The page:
Agency to launch new study of truck crashes

For many drivers in Missouri, an accident involving a large truck is one of their greatest fears. Tractor-trailers carry substantial weight in a huge volume. This means that other vehicles involved in a collision are much more likely to suffer serious damage, including catastrophic injuries and fatalities. Even more troublesome is the fact that large truck collisions are on the rise. Since 2009, the number of fatal truck accidents has increased by over 52% despite the fact that many new safety technologies have been introduced. Between 2016 and 2018, truck crash fatalities rose by 5.7%, and the trend is continuing.

In response to these concerns, the Federal Motor Carrier Safety Administration, or FMCSA, announced that it is planning a new study of large truck accidents nationwide. It conducted its last such study 15 years ago and wants to update its understandings on the basis of current road conditions and technologies. The agency noted that it plans to study all serious trucking accidents, including those that led to injuries, fatalities or vehicles being towed away. The FMCSA announced that it is investigating ways to include onboard electronic data as part of the report. Many semi-trucks are equipped with computers that record hard braking, lane changes and the speed of driver travel.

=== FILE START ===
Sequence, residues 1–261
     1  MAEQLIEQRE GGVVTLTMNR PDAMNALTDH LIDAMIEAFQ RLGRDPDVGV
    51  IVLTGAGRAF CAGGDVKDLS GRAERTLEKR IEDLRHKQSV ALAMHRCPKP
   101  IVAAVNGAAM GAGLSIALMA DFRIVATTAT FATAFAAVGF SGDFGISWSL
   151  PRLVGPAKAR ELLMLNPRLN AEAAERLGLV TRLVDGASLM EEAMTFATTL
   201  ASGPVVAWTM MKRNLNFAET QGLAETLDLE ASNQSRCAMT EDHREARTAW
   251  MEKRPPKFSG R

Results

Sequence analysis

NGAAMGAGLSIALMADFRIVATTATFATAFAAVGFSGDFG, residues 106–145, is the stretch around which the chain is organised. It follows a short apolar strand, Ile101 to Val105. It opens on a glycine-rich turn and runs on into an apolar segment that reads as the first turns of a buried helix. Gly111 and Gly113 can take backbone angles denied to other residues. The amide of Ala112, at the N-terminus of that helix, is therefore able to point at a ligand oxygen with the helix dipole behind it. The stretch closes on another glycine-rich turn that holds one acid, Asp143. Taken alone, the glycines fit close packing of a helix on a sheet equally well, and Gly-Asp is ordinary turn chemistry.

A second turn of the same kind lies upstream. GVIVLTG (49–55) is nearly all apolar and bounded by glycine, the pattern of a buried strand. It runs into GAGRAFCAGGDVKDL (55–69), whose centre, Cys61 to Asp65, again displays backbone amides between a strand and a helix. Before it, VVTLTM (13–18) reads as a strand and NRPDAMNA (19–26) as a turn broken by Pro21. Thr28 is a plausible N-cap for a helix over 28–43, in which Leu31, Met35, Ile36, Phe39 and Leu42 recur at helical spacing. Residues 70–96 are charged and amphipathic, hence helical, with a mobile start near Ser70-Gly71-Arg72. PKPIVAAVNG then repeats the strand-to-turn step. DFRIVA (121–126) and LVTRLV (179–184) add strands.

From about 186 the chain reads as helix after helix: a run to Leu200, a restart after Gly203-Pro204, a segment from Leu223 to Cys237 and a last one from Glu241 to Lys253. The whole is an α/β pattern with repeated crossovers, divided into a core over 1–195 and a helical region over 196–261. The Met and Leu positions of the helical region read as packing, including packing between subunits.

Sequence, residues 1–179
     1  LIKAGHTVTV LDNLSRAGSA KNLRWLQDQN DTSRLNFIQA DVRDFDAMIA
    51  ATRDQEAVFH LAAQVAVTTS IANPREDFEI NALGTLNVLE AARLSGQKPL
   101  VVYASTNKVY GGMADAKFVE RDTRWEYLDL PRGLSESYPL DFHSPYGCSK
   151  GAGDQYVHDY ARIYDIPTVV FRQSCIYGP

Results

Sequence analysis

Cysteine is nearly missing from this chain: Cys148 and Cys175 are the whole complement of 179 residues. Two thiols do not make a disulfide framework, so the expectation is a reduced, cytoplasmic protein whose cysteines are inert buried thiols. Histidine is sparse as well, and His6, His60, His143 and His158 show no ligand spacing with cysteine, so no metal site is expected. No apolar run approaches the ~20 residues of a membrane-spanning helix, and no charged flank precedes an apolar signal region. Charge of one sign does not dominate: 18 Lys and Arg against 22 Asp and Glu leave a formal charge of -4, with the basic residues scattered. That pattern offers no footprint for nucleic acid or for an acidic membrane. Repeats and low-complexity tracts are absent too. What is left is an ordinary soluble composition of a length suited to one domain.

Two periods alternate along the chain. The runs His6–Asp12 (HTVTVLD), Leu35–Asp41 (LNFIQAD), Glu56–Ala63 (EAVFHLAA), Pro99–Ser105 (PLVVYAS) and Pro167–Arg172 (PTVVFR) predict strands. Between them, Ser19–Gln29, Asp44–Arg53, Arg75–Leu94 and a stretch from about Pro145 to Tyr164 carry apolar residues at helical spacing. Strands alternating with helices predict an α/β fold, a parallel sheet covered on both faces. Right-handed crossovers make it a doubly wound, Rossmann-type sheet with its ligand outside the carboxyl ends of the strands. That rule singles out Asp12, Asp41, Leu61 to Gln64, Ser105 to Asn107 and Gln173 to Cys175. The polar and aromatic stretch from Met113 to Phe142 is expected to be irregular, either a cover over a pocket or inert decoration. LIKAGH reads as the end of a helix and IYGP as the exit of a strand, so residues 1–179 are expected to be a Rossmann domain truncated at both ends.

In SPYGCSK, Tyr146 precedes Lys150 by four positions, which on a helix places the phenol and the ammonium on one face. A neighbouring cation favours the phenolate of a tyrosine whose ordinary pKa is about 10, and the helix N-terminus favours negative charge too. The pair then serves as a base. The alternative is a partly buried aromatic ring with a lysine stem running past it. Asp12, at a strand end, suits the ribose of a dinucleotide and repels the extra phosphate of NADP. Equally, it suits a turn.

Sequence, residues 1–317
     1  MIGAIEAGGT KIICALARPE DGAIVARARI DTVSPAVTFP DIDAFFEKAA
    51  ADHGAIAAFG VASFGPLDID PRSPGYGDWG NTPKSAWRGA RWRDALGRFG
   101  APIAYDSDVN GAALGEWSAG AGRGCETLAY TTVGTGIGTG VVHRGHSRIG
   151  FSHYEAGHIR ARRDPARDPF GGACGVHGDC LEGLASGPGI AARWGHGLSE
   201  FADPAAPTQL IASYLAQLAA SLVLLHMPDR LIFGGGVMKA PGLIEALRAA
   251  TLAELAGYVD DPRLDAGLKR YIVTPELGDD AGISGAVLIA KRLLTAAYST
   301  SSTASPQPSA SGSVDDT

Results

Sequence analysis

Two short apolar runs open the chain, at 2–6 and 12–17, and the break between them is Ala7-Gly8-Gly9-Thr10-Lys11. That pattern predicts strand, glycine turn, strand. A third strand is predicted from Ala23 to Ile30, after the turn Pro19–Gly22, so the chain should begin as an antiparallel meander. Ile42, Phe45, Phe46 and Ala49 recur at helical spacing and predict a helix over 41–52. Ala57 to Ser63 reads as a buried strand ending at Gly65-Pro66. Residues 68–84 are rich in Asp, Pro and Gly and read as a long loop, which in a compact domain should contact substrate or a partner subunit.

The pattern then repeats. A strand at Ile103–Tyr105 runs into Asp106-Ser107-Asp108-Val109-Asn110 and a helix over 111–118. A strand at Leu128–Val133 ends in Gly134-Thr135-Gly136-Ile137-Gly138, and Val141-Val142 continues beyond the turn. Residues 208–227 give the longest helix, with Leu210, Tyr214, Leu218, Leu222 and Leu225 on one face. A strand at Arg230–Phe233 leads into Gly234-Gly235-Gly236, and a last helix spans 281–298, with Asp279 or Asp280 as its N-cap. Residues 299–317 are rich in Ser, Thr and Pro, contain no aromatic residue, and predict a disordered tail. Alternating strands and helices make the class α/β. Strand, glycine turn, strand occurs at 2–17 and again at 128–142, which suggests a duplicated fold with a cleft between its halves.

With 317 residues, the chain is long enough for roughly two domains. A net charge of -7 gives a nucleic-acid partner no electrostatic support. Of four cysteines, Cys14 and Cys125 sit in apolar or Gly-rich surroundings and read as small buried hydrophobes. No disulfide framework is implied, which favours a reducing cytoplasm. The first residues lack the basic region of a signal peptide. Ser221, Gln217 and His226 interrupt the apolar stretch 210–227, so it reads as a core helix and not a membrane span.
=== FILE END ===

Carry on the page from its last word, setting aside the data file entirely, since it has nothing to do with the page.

Red light cameras are effective but losing public support

Hundreds of people in Missouri and across the U.S. die each year because of drivers who run red lights. Most of the time, it's not these drivers who die in the crash; it's the occupant of another vehicle, a pedestrian or a bicyclist. For a long time, it was understood that red light cameras could act as a deterrent against red light running and thus save lives. However, public support for cameras has been waning.

First, the benefits are clear. Data from the Insurance Institute for Highway Safety shows how cameras bring down the number of red light running violations by 40%. The IIHS also compared big cities with cameras to big cities without them and found that the former see 21% fewer deaths from red light running accidents.

What are your rights if a dog becomes violent and bites you?

A dog that you know and trust can be a great source of joy and comfort in your life, but a dog you don't know could inflict substantial physical and emotional harm. People experience dog bite attacks in many different environments, from their own front lawn when an animal runs loose to a friend's living room or a public park.

A dog bite may be minor, but it can also cause serious medical and psychological issues. Dogs of all breeds and sizes are capable of causing severe, debilitating, disfiguring and even fatal injuries to humans in a dog bite attack. Even a tiny breed, like a chihuahua, could cause severe injuries if given an opportunity to bite someone on the face or when the victim is a child. Larger breeds of dogs could cause severe injuries even to full-grown adults.